Planning a wedding is a huge job. Add travel, cultural, and language differences, and it takes heroic effort – in our case graciously performed (to the gratitude of all) by the wedding principals.
They arranged for vans, lined out sights to see, and planned festive dinners. It was a show-up-in-the-lobby-ready-to-go sort of tour – except you knew and liked, and were delighted to see, everybody in the group.
The group included our son’s friends (a tight, long-lasting bunch, spread out geographically but coming together for important events), their wives and two boys three and nine, and our six stalwart friends who’d made this long journey from London and Washington. We numbered some 30 farang. (Farang being the Thai word for foreigner, maybe from the French word for foreigner, but maybe also from the Thai word for a white-fleshed guava.)
There we all were the first morning – amazed to be in Thailand in a hotel lobby fragrant with the scent of lemongrass, a kind staff greeting us with wai (head dipped, touching hands held flat together next to the chin), and sawadeeka (hello said by a woman) or sawadeeclap (said by a man).
We were ready to hit the decks (literally, the deck, the seats of traditional long-tail boats) for a ride on the Chao Phraya River, the watery artery of Bangkok. A river the size of the Thames, but oh so different the sights, with tall skyscrapers and elaborate hotels beside glittering temples. Other long-tail boats sped by decorated with colorful pompoms and flags, engines roaring, water churning. We sat low in the water, two people to each bench seat, a curved and striped-with-color canopy protected us from the sun.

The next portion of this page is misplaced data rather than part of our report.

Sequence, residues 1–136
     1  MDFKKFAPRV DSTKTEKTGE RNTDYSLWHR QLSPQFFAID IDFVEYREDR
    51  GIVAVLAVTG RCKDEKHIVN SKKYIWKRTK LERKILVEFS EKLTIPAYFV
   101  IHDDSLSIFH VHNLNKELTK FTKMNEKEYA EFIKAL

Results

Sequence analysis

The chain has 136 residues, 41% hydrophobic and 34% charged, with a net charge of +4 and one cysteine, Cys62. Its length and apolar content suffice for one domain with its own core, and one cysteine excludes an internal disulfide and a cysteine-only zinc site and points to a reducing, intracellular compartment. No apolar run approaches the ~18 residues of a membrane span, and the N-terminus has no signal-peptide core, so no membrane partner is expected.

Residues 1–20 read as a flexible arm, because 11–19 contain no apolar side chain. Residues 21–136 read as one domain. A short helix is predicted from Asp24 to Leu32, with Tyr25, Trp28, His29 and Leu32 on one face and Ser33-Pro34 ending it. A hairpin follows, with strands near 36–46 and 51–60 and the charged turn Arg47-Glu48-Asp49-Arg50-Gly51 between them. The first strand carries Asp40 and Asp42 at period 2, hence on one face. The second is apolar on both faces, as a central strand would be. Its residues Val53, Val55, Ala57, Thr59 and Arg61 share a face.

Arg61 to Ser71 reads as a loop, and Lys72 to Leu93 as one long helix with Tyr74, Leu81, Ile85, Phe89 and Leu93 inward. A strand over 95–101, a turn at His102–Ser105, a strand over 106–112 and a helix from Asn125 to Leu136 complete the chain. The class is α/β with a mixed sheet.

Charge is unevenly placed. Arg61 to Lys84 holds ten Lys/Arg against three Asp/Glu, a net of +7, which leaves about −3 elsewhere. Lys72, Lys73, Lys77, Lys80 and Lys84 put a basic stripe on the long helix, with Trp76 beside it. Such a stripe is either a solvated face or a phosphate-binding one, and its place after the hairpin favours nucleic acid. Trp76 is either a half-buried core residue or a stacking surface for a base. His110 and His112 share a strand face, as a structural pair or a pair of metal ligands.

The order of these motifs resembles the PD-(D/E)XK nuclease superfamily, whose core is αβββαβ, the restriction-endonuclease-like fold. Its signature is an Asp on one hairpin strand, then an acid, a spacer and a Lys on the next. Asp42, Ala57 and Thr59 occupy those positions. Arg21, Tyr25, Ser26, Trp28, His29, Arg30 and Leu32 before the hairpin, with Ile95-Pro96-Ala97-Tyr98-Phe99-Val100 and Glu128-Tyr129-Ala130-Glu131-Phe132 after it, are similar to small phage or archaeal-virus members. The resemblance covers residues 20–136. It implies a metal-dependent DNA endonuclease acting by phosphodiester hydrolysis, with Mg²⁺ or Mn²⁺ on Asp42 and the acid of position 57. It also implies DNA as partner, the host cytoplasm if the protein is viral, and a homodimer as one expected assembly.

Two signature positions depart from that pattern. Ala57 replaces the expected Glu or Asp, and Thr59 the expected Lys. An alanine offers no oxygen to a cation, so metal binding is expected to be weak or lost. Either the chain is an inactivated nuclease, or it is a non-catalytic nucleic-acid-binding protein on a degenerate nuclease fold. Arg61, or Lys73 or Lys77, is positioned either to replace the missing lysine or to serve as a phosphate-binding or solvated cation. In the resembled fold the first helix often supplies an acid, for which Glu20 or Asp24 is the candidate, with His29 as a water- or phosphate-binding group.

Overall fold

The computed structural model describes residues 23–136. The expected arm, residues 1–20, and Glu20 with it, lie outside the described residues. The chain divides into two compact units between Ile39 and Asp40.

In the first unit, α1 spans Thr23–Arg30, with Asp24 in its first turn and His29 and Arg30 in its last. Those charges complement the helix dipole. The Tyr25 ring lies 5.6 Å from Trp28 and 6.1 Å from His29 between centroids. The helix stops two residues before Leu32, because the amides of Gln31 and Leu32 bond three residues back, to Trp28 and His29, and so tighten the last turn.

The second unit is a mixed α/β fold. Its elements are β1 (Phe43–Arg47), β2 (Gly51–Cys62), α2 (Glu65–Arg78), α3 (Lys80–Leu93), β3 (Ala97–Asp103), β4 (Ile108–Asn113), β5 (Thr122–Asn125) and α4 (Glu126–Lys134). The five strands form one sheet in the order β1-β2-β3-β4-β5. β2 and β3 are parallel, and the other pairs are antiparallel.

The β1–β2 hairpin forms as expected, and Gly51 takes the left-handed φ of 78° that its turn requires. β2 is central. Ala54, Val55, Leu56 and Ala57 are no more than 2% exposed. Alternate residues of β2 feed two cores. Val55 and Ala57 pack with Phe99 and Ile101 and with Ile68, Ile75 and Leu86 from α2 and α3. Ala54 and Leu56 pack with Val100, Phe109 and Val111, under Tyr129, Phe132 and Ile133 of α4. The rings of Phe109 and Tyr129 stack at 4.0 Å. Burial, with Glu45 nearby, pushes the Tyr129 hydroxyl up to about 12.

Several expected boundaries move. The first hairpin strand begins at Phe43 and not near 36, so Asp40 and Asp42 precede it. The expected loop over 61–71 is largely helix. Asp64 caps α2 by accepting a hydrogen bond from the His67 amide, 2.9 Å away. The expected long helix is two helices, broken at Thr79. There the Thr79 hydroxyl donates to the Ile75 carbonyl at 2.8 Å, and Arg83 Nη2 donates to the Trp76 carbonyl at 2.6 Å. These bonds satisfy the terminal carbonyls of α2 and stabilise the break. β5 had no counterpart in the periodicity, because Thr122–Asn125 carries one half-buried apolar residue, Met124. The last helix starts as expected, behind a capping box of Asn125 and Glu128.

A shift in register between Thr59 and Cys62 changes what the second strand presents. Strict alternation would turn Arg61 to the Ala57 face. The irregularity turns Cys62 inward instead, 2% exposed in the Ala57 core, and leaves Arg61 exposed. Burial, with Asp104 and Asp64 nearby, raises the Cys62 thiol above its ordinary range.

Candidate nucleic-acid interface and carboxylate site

Back in the boats, we entered a lock and waited with a bobbing and jostling flotilla of boats as we lifted up into a klong a Bangkok canal – like a side street to the river’s main street. Houses on pilings with corrugated tin roofs, in cobbled together shapes and sizes, lined the shore. Steps led down into the river, and laundry hung from porches, racks of colorful t-shirts and quilts.
Vendors in small boats found us, customers for their carved elephants, sun hats (one that turned from hat to fan), beer, water, and bread to feed (and cause a frenzy of) river fish.
Back at the dock, the sweet bride pointed the way to the Skytrain – Bangkok’s modern transportation artery. Elevated, cool, fast, the Skytrain whisks tourists and locals above the constant traffic gridlock.
That first night – while the others took taxis to a dinner spot on the river, Lady Baby (who’d spent the day with her parents recovering and swimming in the hotel outdoor pool on the 21st floor) and I stayed in.
It’s embarrassing to admit the pleasure of that evening. Lady Baby investigated the basket of fruit left to welcome us (dragon fruit, rose apples, mangosteen), listened to her three familiar bedtime books, and lasted barely a verse of one of our songs and a few back and forth paces before falling sound asleep.
Room service, a Singha, my book, and sleeping Lady Baby – a perfect Bangkok evening!